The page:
The first letter of the Greek alphabet is used in finance as a measure of the return on an investment after comparing it to an appropriate market index that functions as a benchmark.
Alpha is a function of time and is measured over a specific period. For example if a fund has an alpha of x% over last year, it means that it exceeded the benchmark during that year by x%.
A typical benchmark for equities investments in the U.S. is the S&P 500 whereas equity investments in international markets can be mapped onto an appropriate index – typically a prevailing ETF.
The realized returns can also be compared to the theoretical expected returns by utilizing an asset pricing model (e.g. Fama-French model or CAPM) – this alpha is called Jensen’s alpha. Moreover, a regression analysis of the actual returns against the Fama-French returns for instance can provide useful information on the persistence of alpha and the fraction that is not explained by any of the factors.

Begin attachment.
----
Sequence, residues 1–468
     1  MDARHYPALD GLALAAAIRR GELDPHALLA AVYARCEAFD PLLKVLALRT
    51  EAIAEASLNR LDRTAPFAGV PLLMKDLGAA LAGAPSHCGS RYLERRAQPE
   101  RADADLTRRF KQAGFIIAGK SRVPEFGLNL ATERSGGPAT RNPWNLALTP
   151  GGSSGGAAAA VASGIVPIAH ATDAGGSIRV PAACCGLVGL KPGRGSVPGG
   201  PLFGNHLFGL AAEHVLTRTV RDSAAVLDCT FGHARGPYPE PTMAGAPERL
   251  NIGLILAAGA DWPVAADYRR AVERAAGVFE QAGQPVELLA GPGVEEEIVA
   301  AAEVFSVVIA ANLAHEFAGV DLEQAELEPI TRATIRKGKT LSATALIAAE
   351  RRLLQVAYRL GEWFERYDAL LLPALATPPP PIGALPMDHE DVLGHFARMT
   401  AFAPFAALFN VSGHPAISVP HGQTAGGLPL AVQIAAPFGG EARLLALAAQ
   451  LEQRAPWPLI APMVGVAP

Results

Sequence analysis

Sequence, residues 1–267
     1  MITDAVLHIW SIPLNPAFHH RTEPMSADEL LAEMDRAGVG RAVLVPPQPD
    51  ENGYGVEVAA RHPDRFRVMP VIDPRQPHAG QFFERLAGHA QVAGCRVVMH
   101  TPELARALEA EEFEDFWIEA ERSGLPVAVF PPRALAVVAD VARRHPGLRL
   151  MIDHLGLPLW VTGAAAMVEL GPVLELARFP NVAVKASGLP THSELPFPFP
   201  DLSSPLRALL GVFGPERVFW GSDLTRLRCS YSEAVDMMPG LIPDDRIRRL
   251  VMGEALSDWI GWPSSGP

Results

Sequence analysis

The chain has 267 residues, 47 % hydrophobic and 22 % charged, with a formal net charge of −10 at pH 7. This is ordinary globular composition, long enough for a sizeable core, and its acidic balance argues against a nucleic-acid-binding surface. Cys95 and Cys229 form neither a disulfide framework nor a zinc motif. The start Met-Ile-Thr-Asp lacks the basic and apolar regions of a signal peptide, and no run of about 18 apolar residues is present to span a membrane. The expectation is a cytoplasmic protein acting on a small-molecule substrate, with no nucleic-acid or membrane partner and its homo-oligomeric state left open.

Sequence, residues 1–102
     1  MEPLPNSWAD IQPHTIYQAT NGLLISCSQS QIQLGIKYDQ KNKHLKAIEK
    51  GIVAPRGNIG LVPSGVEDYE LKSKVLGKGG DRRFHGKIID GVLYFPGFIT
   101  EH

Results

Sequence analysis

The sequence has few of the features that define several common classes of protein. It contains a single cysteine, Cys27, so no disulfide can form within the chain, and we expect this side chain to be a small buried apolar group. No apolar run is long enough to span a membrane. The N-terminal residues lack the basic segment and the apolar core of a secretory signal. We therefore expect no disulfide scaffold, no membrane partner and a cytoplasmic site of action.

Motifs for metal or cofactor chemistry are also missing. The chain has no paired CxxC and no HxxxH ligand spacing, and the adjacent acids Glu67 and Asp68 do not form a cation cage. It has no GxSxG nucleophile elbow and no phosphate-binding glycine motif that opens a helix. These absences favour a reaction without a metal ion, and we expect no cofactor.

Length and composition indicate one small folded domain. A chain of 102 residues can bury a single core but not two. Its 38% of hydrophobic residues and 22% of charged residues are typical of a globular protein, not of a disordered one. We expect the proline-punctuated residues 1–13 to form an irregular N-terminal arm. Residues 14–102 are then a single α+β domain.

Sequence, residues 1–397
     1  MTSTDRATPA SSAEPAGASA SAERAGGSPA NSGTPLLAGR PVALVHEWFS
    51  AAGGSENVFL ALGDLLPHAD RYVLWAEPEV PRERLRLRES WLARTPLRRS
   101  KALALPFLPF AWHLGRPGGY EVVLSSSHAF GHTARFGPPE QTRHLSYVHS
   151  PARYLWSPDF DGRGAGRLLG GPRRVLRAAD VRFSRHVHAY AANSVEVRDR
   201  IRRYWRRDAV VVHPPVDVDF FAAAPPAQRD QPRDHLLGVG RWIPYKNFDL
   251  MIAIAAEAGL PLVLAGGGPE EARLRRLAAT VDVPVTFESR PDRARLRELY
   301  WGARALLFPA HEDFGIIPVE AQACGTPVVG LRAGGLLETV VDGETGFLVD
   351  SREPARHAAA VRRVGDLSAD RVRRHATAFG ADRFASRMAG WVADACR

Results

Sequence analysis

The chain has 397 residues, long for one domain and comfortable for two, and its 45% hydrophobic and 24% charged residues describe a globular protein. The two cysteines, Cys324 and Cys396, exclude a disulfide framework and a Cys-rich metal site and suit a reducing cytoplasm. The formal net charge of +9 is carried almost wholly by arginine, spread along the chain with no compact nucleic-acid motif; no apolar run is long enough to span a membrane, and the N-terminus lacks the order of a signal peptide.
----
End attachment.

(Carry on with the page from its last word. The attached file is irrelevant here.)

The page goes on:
The realized returns which are calculated after applying trading and execution fees are compared to the benchmark in order to conclude if the strategy over or under performed and reflect things on a relative scale. An extreme example is that during a year that S&P 500 had a negative return of y% by not investing at all you essentially beat the market by |y| %.